Today’s Essential Reads
New York Gov. Andrew Cuomo is weighing a proposal to allow hydraulic fracturing, or “fracking,” in several communities in New York State. Residents are deeply divided over the controversial drilling method. Supporters of “fracking” say it would give a much-needed financial boost to the affected communities. Those against it argue that the health and environmental risks far outweigh the rewards.
North Carolina Governor Beverly Perdue on Sunday vetoed legislation that would have lifted a ban on hydraulic fracturing, or fracking, and opened the door to shale gas exploration in that state.
Governor Bev Perdue vetoed legislation Sunday that would allow a form of shale gas exploration called fracking in North Carolina, saying the measure did too little to protect drinking water, landowners and local governments.
We know that bans on gas drilling in Sullivan County towns like Bethel, Tusten, and Lumberland will likely will mean no drilling in those towns — just as a recent board vote in the Town of Delaware could allow drilling there.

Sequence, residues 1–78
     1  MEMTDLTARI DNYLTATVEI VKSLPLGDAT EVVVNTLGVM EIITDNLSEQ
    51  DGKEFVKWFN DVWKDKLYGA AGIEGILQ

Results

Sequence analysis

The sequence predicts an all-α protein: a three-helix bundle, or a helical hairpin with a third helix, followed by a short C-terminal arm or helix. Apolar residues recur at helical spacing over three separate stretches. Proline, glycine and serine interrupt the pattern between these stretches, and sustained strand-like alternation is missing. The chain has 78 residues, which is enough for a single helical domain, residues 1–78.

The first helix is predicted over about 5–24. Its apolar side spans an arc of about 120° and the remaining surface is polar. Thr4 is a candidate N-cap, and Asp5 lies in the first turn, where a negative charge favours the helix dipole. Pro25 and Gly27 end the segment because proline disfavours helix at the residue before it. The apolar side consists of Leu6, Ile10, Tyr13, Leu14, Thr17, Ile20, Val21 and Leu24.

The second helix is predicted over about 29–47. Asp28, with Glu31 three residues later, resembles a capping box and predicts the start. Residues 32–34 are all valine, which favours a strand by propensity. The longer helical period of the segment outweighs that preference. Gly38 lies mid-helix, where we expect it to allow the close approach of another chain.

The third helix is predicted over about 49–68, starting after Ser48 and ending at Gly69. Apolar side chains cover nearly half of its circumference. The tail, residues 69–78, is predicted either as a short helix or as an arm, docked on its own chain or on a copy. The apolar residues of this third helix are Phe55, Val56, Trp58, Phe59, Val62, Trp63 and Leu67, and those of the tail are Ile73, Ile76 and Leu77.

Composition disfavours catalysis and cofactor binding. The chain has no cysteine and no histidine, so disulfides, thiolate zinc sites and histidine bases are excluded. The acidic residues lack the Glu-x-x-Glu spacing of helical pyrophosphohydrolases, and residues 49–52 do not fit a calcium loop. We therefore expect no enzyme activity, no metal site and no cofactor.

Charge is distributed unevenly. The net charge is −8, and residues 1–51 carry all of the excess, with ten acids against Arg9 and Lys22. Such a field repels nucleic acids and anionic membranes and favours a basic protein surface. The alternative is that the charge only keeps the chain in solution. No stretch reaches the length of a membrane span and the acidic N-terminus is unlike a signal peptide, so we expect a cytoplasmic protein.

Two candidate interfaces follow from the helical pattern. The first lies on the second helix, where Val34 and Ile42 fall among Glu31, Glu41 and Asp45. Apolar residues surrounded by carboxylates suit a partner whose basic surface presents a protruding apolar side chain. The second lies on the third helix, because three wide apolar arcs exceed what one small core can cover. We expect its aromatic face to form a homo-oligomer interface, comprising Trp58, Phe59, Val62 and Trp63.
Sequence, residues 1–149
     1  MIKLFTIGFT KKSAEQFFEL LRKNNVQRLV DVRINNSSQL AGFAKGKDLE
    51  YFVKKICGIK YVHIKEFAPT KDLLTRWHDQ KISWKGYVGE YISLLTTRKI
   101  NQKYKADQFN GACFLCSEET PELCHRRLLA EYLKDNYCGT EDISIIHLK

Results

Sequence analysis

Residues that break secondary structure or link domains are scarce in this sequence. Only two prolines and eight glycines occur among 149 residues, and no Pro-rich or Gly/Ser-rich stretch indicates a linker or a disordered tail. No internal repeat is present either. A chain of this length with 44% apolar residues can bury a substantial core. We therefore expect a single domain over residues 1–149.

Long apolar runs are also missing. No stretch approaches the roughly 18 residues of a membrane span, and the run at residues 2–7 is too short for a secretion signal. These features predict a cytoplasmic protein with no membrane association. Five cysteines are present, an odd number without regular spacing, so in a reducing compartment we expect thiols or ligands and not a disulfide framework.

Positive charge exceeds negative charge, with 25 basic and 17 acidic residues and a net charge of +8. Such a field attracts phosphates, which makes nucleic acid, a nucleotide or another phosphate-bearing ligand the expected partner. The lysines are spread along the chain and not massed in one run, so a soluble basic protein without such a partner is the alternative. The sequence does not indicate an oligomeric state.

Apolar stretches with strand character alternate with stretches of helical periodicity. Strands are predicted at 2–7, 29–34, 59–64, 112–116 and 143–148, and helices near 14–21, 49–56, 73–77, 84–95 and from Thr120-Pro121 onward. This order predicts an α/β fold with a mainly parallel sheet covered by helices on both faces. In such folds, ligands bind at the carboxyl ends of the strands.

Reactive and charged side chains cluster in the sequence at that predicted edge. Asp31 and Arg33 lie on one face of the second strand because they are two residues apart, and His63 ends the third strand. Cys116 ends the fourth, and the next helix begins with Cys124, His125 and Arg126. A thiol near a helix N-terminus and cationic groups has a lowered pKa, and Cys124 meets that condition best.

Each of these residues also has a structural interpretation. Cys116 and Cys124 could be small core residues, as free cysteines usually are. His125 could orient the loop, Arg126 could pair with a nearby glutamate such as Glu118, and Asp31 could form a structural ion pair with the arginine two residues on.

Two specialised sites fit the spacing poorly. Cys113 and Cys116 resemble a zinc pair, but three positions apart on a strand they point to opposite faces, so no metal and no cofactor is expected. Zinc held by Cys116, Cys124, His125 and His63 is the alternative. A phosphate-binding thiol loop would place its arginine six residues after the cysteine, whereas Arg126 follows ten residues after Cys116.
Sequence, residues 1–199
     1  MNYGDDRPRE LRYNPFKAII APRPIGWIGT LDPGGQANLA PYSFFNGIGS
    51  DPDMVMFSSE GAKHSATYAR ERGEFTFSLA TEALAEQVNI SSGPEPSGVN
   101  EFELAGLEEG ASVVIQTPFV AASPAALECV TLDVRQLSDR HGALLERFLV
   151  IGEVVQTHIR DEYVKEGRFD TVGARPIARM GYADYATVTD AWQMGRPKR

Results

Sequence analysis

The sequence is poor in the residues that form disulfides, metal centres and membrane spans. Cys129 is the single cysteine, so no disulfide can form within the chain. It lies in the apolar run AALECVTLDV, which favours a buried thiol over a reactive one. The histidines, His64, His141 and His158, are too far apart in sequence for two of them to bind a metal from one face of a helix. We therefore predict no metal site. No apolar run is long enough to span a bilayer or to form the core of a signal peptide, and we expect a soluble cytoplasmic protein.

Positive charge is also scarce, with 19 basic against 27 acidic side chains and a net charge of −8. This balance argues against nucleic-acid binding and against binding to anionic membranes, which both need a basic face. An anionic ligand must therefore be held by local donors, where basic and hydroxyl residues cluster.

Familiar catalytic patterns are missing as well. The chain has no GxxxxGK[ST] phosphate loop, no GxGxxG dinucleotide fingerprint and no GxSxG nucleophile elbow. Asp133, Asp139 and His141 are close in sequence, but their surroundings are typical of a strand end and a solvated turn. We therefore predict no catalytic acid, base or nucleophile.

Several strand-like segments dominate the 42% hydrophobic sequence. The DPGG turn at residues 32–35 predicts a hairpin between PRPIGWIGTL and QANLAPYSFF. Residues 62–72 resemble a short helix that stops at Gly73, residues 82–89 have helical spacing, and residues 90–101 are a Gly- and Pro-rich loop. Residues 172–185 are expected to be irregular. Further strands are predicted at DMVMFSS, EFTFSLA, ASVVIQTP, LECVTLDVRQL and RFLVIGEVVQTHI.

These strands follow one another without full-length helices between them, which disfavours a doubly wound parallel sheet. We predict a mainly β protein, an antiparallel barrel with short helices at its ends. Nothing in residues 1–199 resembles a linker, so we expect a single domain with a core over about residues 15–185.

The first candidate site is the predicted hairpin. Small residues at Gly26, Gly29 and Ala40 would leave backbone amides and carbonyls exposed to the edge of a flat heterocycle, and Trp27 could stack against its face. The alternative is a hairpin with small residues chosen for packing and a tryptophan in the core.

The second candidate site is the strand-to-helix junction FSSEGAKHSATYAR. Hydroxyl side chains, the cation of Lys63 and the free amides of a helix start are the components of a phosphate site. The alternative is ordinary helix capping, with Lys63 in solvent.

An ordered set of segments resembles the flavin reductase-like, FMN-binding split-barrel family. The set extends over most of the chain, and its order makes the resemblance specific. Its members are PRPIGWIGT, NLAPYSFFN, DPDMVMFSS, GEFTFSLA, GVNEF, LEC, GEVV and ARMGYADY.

BP OIL SPILL:
The Deepwater Horizon Natural Resource Damage Assessment (NRDA) Trustees this week offered a glimpse into the world of scientists working to assess injuries caused by the April 2010 Deepwater Horizon Oil Spill on the world’s most endangered sea turtle, the Kemp’s ridley. Assessment work includes field and laboratory tests to determine oil-related turtle exposure and satellite tracking via transmitters attached to turtles that come ashore to nest and lay eggs.
Senator Mary Landrieu, D-La. spoke out on the success of a key piece of legislation she sponsored that would bring more money to the state after the BP oil spill.
Two years, two months, and nine days after the explosion of the Deepwater Horizon off the coast of Louisiana, the RESTORE Act is on it’s way to becoming law. Thanks to the hard work of Senators in several Gulf Coast states, the Act was included in the final version of the Highway Bill, and was today passed by both chambers of Congress.
The Government Accountability Office says more research is needed on possible environmental problems that could result from using dispersants to break up an oil spill, as BP PLC did after the disastrous 2010 spill in the Gulf of Mexico.
Japan restarted nuclear power production Sunday for the first time since shutting down all the country’s reactors in the wake of the Fukushima Daiichi meltdown after last year’s devastating tsunami.